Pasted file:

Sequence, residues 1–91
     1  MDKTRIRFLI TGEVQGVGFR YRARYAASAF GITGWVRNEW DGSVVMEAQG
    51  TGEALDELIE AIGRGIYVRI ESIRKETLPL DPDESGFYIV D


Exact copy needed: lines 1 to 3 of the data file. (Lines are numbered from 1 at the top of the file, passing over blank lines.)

Sequence, residues 1–91
     1  MDKTRIRFLI TGEVQGVGFR YRARYAASAF GITGWVRNEW DGSVVMEAQG
    51  TGEALDELIE AIGRGIYVRI ESIRKETLPL DPDESGFYIV D